The latest impact assessment shows that COVID-19 had a disproportionate impact on vulnerable households, especially households of Ethnic Minority people, migrant and informal workers. As a result, there has been a surge in transient income poverty, especially among Ethnic Minority households.
The “COVID-19 Socio-economic Impact on Vulnerable Households and Enterprises: a gender sensitive assessment” was jointly conducted by UNDP, UNWomen and the Centre for Analysis and Forecast under the Viet Nam Academy of Social Sciences (CAF, VASS). Its key findings were presented in Ha Noi today at the workshop “COVID-19: Impacts and perspectives on economic recovery in Viet Nam”, alongside with report: “Impacts on key economic indicators, external factors and recovery perspectives” by the National Center for Information and Forecast under the Ministry of Planning and Investment (NCIF, MPI).
The assessment confirmed that COVID-19 substantially reduced revenue for both household businesses and micro, small and medium enterprises (MSMEs) forcing most MSMEs to cut back business operations and reduce numbers of workers, due to the serious decrease in their output demand and supply disruptions.
According to NCIF, the COVID-19 pandemic had immediate, strong and negative impact on the global and Viet Nam’s economy, with the worst economic recession in many decades. The economic growth declined faster than that of the 2008-2009 financial crisis period. Economic activities were suddenly disrupted, trade and investment reduced. The world’s financial market is unstable. Many new geographical political economy trends were formed and forecasted to become the essential trends in the coming time, especially the supply chain reestablishing trend. It is difficult to control the epidemic over the world; many countries are facing with the risk of outbreaks due to early reopening of the economy.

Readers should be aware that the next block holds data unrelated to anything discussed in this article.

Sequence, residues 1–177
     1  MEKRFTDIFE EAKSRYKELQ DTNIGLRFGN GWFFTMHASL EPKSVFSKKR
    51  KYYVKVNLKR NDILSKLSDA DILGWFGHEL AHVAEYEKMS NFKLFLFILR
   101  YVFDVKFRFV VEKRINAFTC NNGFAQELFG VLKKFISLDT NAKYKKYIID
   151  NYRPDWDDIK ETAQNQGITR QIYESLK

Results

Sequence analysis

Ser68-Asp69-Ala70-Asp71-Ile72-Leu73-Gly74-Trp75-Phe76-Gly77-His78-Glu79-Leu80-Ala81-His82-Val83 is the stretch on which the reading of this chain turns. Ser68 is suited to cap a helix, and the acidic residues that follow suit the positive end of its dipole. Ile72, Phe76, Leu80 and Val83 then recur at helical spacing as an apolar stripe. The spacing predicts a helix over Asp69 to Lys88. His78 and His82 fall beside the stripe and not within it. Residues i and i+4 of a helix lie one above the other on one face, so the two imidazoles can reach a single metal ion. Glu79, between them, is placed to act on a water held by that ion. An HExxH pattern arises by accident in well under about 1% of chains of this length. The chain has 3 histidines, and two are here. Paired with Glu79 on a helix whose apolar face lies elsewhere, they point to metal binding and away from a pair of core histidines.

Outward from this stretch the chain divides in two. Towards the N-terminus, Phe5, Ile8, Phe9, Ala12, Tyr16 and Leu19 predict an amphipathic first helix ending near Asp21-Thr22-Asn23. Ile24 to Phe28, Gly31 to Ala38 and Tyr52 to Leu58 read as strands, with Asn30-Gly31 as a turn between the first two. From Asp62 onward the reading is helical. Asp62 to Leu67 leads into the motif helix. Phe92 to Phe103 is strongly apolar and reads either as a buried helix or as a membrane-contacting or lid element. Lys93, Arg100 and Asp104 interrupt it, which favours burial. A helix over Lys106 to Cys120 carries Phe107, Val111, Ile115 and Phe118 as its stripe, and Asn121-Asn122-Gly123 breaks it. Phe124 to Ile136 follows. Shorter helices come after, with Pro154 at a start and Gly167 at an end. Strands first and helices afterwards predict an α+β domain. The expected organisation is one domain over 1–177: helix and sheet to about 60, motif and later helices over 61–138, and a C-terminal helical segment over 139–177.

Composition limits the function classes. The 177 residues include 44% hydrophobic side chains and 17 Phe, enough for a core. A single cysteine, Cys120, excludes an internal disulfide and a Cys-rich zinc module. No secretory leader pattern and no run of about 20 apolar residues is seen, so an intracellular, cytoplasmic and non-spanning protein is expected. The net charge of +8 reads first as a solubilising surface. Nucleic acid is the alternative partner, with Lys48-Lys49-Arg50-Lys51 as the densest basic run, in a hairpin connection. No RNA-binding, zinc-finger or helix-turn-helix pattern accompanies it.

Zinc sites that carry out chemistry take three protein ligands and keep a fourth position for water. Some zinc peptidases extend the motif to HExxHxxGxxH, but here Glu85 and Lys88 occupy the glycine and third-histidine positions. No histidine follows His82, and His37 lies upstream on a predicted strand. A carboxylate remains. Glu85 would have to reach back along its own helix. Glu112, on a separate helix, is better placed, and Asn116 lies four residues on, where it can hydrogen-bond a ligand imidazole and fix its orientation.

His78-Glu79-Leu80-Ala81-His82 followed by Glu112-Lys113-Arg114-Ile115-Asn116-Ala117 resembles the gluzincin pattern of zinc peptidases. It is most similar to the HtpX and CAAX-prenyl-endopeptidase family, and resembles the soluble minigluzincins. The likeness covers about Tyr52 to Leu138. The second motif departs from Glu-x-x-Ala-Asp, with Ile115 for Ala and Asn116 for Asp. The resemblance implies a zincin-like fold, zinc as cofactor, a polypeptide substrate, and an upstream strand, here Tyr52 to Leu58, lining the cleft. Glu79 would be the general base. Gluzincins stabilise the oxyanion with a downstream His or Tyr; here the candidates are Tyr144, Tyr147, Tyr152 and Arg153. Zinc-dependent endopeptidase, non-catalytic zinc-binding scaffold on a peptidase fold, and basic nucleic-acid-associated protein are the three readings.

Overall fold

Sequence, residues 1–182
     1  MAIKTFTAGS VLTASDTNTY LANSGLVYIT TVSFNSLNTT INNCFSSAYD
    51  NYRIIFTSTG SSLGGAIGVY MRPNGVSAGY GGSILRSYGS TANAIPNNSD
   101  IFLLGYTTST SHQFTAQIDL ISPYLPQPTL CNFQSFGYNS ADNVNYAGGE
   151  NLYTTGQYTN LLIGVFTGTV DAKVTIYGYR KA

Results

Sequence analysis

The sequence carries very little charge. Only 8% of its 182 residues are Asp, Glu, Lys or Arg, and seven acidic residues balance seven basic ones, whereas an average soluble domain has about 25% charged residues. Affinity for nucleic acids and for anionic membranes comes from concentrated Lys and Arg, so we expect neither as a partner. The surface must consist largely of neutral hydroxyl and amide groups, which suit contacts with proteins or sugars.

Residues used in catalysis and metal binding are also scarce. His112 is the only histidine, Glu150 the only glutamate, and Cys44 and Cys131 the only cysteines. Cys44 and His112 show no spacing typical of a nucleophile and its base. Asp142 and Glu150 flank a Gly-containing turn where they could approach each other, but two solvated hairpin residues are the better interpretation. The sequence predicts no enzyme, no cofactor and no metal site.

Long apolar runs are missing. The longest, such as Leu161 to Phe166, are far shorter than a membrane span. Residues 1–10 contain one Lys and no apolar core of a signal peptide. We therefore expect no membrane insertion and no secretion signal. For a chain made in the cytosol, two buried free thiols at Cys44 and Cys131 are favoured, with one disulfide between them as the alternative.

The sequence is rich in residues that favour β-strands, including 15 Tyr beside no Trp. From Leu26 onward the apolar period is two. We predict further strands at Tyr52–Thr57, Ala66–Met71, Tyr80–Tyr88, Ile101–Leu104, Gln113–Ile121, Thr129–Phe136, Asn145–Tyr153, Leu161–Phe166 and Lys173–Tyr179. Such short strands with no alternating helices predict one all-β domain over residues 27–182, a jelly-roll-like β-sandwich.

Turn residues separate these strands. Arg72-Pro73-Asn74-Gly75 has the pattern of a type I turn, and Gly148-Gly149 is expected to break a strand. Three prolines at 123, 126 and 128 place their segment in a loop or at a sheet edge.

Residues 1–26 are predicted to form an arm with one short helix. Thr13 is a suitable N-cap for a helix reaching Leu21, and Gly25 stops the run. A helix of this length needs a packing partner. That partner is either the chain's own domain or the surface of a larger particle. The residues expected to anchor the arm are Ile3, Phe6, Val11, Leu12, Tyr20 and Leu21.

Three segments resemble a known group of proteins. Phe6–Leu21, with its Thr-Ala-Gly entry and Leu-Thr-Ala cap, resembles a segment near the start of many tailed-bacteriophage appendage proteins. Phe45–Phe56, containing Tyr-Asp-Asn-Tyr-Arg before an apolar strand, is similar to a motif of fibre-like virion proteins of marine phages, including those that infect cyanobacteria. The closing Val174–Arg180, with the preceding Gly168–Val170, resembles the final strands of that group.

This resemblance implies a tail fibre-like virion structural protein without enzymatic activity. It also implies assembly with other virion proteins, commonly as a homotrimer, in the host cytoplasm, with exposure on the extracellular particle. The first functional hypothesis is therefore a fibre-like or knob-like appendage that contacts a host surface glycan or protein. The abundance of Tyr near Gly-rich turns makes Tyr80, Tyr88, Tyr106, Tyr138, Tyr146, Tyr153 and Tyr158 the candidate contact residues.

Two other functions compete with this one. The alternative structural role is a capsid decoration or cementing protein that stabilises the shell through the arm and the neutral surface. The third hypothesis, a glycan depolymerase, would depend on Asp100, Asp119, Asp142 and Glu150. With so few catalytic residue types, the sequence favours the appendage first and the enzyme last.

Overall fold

President of NCIF Luu Quang Khanh informed that the space for economic growth in the second half of the year would be considerably narrowed. “As COVID-19 has affected many social and economic aspects and groups, ‘expanding the market’, ‘promoting investment’, and ‘stimulating consumption’ are the motivation for growth,” he said. “It is crucial that in the long term, break-through solutions are needed for the new normal of the economy. In the short term, it is important to speed up of the policy implementation in order to stabilize the economy for further development”.
The joint assessment makes recommendations for the Government to refine the response actions to protect livelihoods of vulnerable households, support MSMEs in recovering their operations and ensuring continued employment for workers.
Addressing the workshop, UNDP Resident Representative in Viet Nam Caitlin Wiesen highlighted that “The objective of the joint assessment is to inform the Government’s response and recovery to COVID-19. This is the first assessment that brings evidence of COVID-19 impact on vulnerable households and businesses, simulates the impact on poverty, and captures information on early recovery”.
She stressed the importance of early, anticipatory, adaptive and agile actions of the Government combined with innovation of the people as key to the country’s initial success in containing the COVID-19 pandemic and limiting its negative socio-economic impacts. “I believe that anticipatory governance responses and innovations will also play a critical role in helping Vietnamese enterprises and people achieve a bold, sustainable, resilient and gender sensitive recovery,” she said. (read full speech here)
Ms Elisa Fernandez Saenz, UN Women Representative in Viet Nam, said: “The consequences of the health and socio-economic crisis caused by COVID-19, if not addressed adequately, are likely to result in serious setbacks in gender equality and put the gains achieved on women’s empowerment in recent decades at risk. We hope this gender-sensitive assessment of the crisis can effectively contribute to the government’s efforts in developing viable solutions to meet the specific needs of women and girls while safeguarding and leveraging gains made on gender equality and women’s empowerment.”
The assessment, based on the UN’s focus on the most vulnerable and leaving no one behind, complements the NCIF’s efforts on the COVID-19 impact on macro-economic indicators. With a purposive sampling of more than 900 vulnerable households and 900 vulnerable household businesses, MSMEs in 58 out of 63 provinces across Viet Nam, the survey brings to the fore: (i) evidence of COVID-19 impact on vulnerable households and businesses, (ii) their coping strategies and (iii) provides voices of those impacted on the Government support policies.
Read the assessment report here.
For further information, please contact:
Nguyen Viet Lan, UNDP Communication Officer, firstname.lastname@example.org, phone: 84-914436769